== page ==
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The nebular hypothesis is simply a story to describe what may have happened in the “prehistoric” solar system. There are no observations to support the claims that natural processes over millions of years could form a solar system.
Over and over again in astronomy, cosmic collisions are invoked as a sort of magic wand to rescue evolutionary theories from the facts. The planet Uranus is tilted over, therefore, something hit it. Venus’s rotation contradicts evolutionary predictions—therefore, something hit it. Mercury is too dense for evolution—therefore, something hit it.
Since everything formed from the same raw materials, NASA expected the chemistry to be the same throughout. But the isotope ratios found in these solar wind particles do not match those on earth.
Evolutionists and young earth creationists both agree that the earth is about the same age as the solar system. Evolutionists believe that both formed spontaneously about 4.5 billion years ago. Young-earth creationists believe that the earth was formed on Day One and the rest of the solar system and universe on Day Four.
Did Mars once contain vast oceans? Some creationists now think so.
Pluto fans may be encouraged by the announcement that astronomers think they have evidence there is a ninth planet after all, a sort of replacement for Pluto.
Most astronomers think Pluto and the many other objects orbiting beyond Neptune are Kuiper belt objects. What does this assume about the age of the universe?
The evolutionary theory cannot explain certain aspects of solar system bodies. There have been few comprehensive proposals for a creationary model.PDF Download
Astronomers have developed an elaborate, physically robust evolutionary theory to explain the abundances that we see throughout the universe. While this theory may be explanatory, it has no predictivePDF Download
In recent years there has been increasing discussion of craters within the creation paradigm.PDF Download
Genesis captures solar wind and blows a hole in the nebular hypothesis.
Every year the Creator provides us with a feast of heavenly wonders at night. Be sure to enjoy some of them in the coming year.
The night sky is a glistening treasure trove, just waiting for you to explore. All you need is a pair of binoculars or a basic telescope.
The hypothesized subsurface ocean of Jupiter’s moon Europa was already a hotbed for evolutionists’ hopes for finding extraterrestrial life.
To the sunny beaches on Titan, everyone—let’s all go for a swim!
A mysterious group of icy objects in our outer solar system is covered in “fresh powdery ice” and looks as though it is “no more than 100 million years old”—a far cry from the supposed age of a billion years.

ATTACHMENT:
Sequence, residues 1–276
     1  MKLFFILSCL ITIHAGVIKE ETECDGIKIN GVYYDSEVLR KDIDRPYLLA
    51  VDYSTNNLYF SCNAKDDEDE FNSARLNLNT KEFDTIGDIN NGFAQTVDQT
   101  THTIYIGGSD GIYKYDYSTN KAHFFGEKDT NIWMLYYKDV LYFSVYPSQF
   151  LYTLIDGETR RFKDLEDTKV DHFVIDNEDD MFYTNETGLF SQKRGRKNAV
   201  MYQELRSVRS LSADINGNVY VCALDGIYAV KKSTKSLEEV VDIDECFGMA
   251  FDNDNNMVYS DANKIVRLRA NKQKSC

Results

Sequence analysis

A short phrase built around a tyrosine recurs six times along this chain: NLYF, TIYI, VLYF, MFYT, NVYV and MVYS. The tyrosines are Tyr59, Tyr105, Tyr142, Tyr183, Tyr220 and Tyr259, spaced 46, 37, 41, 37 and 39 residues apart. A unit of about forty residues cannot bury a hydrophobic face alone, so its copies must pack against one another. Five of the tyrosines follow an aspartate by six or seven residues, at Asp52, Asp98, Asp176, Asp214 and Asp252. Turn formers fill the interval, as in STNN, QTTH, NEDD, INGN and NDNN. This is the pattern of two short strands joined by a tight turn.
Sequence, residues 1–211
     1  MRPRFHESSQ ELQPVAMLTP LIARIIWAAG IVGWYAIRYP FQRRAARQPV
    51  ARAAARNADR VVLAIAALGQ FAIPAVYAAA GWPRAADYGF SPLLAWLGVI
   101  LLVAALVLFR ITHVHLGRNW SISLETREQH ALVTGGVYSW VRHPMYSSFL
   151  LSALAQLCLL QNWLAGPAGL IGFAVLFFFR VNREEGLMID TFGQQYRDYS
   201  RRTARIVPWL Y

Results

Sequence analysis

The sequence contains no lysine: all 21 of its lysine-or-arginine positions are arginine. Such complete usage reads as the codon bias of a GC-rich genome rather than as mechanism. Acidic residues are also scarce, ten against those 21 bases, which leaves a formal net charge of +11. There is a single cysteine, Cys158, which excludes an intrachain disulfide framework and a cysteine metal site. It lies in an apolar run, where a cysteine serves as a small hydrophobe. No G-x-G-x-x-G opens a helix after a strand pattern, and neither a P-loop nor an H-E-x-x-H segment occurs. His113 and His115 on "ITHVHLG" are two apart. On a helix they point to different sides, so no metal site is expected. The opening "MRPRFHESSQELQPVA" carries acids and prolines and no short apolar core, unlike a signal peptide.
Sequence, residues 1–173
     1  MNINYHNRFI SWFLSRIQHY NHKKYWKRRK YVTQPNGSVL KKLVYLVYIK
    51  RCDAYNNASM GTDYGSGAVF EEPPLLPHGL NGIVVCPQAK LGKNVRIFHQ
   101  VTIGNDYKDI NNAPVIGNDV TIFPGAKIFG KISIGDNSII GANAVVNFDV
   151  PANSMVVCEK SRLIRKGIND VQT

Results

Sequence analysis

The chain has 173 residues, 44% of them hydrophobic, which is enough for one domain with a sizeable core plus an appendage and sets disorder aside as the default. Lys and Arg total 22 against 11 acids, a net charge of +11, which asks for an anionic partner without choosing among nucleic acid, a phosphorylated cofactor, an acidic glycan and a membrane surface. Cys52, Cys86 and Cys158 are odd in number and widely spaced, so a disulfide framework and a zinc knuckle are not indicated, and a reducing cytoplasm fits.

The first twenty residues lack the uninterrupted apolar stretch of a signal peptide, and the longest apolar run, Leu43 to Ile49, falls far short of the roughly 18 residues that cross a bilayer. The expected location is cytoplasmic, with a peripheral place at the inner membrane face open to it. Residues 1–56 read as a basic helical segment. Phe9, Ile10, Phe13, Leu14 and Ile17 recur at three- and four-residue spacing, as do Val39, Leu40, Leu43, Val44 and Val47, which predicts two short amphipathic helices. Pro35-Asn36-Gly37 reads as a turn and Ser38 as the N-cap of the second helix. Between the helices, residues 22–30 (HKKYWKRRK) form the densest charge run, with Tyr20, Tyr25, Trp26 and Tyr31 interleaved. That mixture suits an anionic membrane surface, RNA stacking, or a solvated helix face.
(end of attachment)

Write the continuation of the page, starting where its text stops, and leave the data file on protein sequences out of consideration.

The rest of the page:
Piggybacking on our first story of the week is news of a German team that has more evidence that there is water on Saturn’s moon Enceladus.
Psalm 19 tells us that the heavens declare the glory of God. But what do the heavens declare about the age of the universe?
Geysers on Charon, Pluto's "moon", pose a quandary to scientists.
NASA experiments with robotic navigation of a sinkhole in Zacatan, thought to closely resemble supposed oceans on Jupiter's moon, Europa.
Astronomers have discovered a new member of our solar system and NASA is calling this object the "tenth planet."
Tiny Mercury has much to say about the origins of our solar system.
Neptune is the eighth of the nine known planets in our solar system. It poses many problems for those who wish to deny Creation.
Unusual in many ways, Uranus and its moons pose big problems for evolutionary theories of planet formation, and can be seen as an exciting testament to the Creator.
Uranus’ thermal behavior is different from that of the other Jovian planets Jupiter, Saturn, and Neptune.
In the last few decades, a number of exciting space ventures have provided scientists with a great deal of new information about our solar system.
Creationists have long argued that the rings of Saturn are less than 1 million years old, in spite of evolutionists’ claims that the planet is 4.5–5.0 billion years old.
The rings around Saturn make it one of the most beautiful telescopic objects in the sky. Italian astronomer Galileo admired the planet almost 400 years ago, and wrote of its ‘peculiar appearance.
There are certain basic beliefs that make science possible—beliefs such as the world is real, facts are real, experiments mean something, and that man can observe facts.
On July 15, 2015, NASA released the first close-up images of Pluto taken by the New Horizons space probe.